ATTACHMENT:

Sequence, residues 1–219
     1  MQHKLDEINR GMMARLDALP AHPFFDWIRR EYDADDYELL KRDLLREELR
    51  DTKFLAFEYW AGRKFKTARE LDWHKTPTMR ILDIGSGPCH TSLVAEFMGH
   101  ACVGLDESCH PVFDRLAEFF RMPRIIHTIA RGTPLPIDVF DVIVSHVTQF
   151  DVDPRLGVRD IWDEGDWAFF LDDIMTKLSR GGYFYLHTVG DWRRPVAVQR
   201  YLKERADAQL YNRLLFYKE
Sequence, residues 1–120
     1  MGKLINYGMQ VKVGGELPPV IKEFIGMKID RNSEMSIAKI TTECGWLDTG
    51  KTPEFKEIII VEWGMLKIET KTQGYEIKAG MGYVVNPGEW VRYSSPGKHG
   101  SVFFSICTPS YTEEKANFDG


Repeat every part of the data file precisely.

Sequence, residues 1–219
     1  MQHKLDEINR GMMARLDALP AHPFFDWIRR EYDADDYELL KRDLLREELR
    51  DTKFLAFEYW AGRKFKTARE LDWHKTPTMR ILDIGSGPCH TSLVAEFMGH
   101  ACVGLDESCH PVFDRLAEFF RMPRIIHTIA RGTPLPIDVF DVIVSHVTQF
   151  DVDPRLGVRD IWDEGDWAFF LDDIMTKLSR GGYFYLHTVG DWRRPVAVQR
   201  YLKERADAQL YNRLLFYKE
Sequence, residues 1–120
     1  MGKLINYGMQ VKVGGELPPV IKEFIGMKID RNSEMSIAKI TTECGWLDTG
    51  KTPEFKEIII VEWGMLKIET KTQGYEIKAG MGYVVNPGEW VRYSSPGKHG
   101  SVFFSICTPS YTEEKANFDG